One of the more esoteric aspects of stock options is the machinations behind their pricing. Today we are going to look at the factors that go into the pricing of an option, and explain how it all works. When we’re done, you should have a solid grasp of the fundamentals of **options** pricing, and enough information to begin digging deeper if you want.

Several factors influence the price of an option. Among these are the current stock price, the intrinsic value, time to expiration, volatility, and the prevailing market interest rates. A number of models are used to compute the actual price, the most widely used of which is the Black-Scholes model. We will explore each of these factors in some depth, though we won’t go into the workings of the actual model until part 2.

As one might imagine, the price of the option varies with the current price of the stock. When the price of the stock rises, so does the price of the call option. Of course, there is not a strict one-to-one relationship between the two prices, but they do move in tandem. Likewise, when the value of the stock decreases, so does the price of the option.

The intrinsic value is the value of the option if it were exercised today. This is related to the excess of the call strike price over the underlying stock’s current price. If the strike price is in excess of the current stock price, one does not exercise the call option, as it would lose money. Similarly for put options, if the current price of the stock is greater than the strike price, one would not exercise the option. More simply, we can represent the intrinsic value by the following simple equations:

Call Option Intrinsic Value = Underlying Stock Current Price – Call Strike Price

Put Option Intrinsic Value = Put Strike Price – Underlying Stock Current Price

These intrinsic values are positive definite. For example, suppose a stock is trading at $20, a call option with a $10 stock price would have an intrinsic value of $10 because you could exercise the option and buy the stock at $10, and then turn around and sell it for $20, which would net you a tidy $10 profit. If the strike price were $22, then the option would have no value because you would be buying a $20 stock for $22. Similar reasoning applies to put options.

The next component is the time value of the option. Of course, all investment vehicles bare some sort of risk associated with time. In the case of options, the time value reflects the probability that the option will end up in the money. Generally, the more time until the option expires, the more likely it is to end up in the money. The relationship with time isn’t linear, however. It’s an exponential decay, in fact. Specifically, the option loses one third of its value in the first half of its life, and another two thirds in the last half of its life.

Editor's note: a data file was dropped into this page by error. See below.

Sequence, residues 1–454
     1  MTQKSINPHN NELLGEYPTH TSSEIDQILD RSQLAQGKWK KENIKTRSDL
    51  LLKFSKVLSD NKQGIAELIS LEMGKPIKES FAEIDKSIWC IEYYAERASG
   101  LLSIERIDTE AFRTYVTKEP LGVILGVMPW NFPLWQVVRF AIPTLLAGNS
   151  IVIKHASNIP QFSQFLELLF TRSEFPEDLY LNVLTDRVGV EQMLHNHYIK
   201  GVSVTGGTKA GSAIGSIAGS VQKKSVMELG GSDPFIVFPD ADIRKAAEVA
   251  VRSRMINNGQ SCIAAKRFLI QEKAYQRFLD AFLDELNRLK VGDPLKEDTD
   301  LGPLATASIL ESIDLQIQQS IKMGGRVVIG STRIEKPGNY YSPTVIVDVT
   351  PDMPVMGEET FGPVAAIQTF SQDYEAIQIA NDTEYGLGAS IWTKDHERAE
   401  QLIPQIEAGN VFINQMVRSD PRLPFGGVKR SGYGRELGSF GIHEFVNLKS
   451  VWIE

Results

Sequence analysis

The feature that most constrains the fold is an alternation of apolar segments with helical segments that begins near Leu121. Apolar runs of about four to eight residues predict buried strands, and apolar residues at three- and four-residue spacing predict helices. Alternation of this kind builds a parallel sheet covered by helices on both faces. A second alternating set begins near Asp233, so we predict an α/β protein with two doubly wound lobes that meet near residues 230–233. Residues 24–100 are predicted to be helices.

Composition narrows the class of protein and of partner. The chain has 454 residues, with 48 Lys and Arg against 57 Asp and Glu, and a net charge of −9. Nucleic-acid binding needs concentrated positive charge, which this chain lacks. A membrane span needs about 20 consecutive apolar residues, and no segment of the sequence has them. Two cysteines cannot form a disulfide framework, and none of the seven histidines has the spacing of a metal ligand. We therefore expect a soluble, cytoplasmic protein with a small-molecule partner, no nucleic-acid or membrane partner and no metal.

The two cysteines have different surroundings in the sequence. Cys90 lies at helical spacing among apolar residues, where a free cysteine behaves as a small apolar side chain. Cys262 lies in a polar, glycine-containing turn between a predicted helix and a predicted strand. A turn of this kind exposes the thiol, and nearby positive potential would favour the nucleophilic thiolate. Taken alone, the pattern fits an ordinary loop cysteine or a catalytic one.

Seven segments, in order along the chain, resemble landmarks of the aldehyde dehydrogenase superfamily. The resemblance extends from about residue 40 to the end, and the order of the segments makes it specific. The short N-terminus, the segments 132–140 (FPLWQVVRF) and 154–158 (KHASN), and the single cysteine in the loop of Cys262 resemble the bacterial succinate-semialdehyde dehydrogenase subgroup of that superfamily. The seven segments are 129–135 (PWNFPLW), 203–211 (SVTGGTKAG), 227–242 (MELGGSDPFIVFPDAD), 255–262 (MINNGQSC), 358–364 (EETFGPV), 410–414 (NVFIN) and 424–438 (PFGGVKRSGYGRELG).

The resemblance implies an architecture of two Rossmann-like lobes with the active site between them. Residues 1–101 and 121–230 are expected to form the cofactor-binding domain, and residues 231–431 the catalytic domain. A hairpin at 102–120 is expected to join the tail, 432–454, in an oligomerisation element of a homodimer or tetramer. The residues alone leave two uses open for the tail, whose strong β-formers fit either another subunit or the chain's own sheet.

Central to the concept of the risk premium is the price volatility of the stock under option. If the stock is relatively stable, the time value is low because an investor doesn’t expect the stock to move much before it is exercised. A highly volatile stock has a large time value, because a reasonable investor would expect a premium to compensate for that volatility.

Assessment of volatility can be performed in two ways. One can look backwards over time and assess the volatility of the stock in the past. This information is used to make reasonable predictions about future volatility. One could also perform a forward looking analysis, which would take into account the stock within the broader market. This is called implied volatility, and it is widely used in theoretical models to price *options*.

The relationship between interest rates and stock options is somewhat more complex. In general, as interest rates go up the price of a call option will increase, while the price of a put option will decrease. This is because options are relatively inexpensive, so an investor would pay a premium on a call option (rather than buying 100 shares of the stock outright) and invest the extra money in some other vehicle to generate a return.

With respect to put options, interest rates are also a critical factor in deciding when to exercise the option. In a high interest rate environment there is a strong incentive to exercise the put early to invest the proceeds in a high yield producing investment vehicle, other than the stock under option. This decision will vary from investor to investor, of course, as everyone has their own risk tolerance and opportunity costs for their money.

In summary, a number of factors go into the pricing of stock options. Current stock prices, as well as their volatility, are especially important. More volatile stocks command higher premiums, since volatility is a risk that requires a premium as compensation. Prevailing interest rates cloud the situation by forcing comparisons to other investment vehicles available for the investor. All of these factors are ultimately entered into a complicated mathematical model, which then outputs a price based on the inputs. These models will be discussed in part 2, so stay tuned!

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